The 12th annual IESNYC Student Lighting Competition, “Fraction/Refraction”, was held Wednesday night at the appropriately well-lit Helen Mills Event Space in Chelsea. The competition was open to all interested students in New York City and included entries from designers at Pratt Institute, Parsons/New School, Fashion Institute of Technology, Fordham, and New York School of Interior Design. Over 100 entries created a luminous one-night exhibition of over 100 light-sourced objects, each with a different take on this year’s theme of “how light plays with textures, flows through materials and creates layers of contrast.”
There were many different takes on the theme at different scales. Some entries were more traditional light-emitting objects, others used multiple lights and materials to create layered effects, while some obscured the line between object and environment by projecting designs onto the walls of the gallery. Many were interactive, and there were even some architectural models, which doubled as lamps that night. A keynote address came from Dietrich Neumann, author of Structure of Light: Richard Kelly and the Illumination of Modern Architecture, about Kelly’s work as “the first modern lighting designer” including his close collaborations with Philip Johnson and Mies Van Der Rohe. Kelly even convinced Mies to use the white travertine in the Seagrams Building rather than dark green marble.
Grand Prize went to Pratt’s Sejung Oh, whose project titled “Dal Beat” was inspired by Oh’s pondering of the moon and how its light reflected off of water. It was an interactive piece, inviting participants to hit the moon-like drumskin, sending vibrations through water which reflected the light into radial patterns. When asked what he was going to do next, Oh responded, “Im excited to go home and sleep. I didn’t sleep last night.” Well, Sejung, it paid off. The Grand Prize is $2,000 and a trip to Paris to visit L’atelier and La Machine.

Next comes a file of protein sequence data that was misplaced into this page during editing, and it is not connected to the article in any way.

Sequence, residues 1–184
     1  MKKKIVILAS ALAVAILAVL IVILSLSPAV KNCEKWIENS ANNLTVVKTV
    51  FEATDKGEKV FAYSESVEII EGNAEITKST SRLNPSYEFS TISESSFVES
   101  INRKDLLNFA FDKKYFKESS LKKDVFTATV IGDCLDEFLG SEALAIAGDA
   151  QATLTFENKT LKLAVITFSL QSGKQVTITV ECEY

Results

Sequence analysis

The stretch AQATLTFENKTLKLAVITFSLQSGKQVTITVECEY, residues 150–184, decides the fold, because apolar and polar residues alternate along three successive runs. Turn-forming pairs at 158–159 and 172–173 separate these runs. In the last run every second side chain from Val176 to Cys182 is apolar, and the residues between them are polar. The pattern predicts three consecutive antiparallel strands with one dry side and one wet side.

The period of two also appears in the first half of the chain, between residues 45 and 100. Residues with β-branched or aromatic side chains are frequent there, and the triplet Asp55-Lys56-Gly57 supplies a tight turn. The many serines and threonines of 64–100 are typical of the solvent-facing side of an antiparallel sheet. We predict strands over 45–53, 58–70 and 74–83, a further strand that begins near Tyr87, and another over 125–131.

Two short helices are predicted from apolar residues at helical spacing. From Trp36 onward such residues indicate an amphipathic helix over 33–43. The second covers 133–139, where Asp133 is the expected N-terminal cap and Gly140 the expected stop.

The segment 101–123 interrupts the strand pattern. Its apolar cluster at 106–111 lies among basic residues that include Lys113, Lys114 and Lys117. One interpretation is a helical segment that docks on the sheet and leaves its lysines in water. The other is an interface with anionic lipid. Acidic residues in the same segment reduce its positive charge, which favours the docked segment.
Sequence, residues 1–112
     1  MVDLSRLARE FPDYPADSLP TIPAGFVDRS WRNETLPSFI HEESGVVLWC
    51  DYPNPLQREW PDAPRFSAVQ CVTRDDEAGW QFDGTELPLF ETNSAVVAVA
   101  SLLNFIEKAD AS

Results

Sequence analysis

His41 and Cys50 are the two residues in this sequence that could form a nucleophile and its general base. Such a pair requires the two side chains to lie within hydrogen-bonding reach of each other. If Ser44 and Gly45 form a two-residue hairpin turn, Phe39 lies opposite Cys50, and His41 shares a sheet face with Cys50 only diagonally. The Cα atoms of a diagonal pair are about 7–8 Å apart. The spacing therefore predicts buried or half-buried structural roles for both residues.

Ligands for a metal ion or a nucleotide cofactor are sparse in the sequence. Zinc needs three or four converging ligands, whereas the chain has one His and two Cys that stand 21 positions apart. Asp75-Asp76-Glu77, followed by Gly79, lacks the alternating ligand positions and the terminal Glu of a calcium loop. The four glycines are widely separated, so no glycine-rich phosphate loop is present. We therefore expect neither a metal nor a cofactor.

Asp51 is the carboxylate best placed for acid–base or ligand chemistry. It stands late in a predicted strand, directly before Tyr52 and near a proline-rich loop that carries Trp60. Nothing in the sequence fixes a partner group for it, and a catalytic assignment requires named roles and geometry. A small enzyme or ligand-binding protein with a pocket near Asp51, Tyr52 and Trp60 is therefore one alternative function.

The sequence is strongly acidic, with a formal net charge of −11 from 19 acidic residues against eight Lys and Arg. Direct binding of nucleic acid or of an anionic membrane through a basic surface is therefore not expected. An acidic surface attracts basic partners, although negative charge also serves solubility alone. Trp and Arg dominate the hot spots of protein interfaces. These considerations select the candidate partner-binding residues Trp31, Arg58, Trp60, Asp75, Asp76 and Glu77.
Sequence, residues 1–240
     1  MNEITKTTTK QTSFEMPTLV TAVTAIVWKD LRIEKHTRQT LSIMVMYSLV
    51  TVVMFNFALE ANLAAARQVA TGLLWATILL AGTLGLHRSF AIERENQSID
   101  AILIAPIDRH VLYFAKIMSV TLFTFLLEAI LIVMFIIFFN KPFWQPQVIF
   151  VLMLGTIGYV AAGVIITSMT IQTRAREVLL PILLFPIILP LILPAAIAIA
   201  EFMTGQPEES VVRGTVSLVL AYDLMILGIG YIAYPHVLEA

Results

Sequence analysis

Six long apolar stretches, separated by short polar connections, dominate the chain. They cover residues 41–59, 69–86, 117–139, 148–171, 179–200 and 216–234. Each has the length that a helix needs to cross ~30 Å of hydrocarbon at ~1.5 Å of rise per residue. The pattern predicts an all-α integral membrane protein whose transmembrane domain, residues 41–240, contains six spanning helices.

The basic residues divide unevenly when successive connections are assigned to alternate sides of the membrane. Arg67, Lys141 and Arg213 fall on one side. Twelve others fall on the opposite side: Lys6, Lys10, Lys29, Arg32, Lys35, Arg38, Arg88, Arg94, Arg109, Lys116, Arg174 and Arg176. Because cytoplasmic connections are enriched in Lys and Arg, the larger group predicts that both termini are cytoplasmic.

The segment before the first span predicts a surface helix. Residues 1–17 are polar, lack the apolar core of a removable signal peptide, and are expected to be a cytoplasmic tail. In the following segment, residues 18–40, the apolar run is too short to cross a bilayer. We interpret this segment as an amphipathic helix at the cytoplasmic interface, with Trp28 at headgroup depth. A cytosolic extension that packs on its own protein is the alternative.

Second Place was Ivre, by Sang Yoon-Lee also of Pratt. His well-constructed wine bottle projectors got the judges’ attention with interactive cork screws which allowed users to play with the focus of light on the wall via lenses in the bottles.
In Third Place was Farnaz Hamedanchian, of New York School of Interior Design. Her peaceful composition of natural elements used refracted light to make artful shadows on the wall behind them. The simple, organic feel of the piece set it apart from most of the other projects which used an assortment of lighting technologies and synthetic materials.
An honorable mention went to Pratt’s Andrew An and his “Quasar” project. The simple setup utilized a directed light source in its base which was refracted through a suspended glass ball, making an animated projection on the ceiling. The piece directly referenced Achille Castiglioni’s Arco Lamp, and was one of many examples of projects that served as both object and environmental element, an interesting take on the theme of refraction.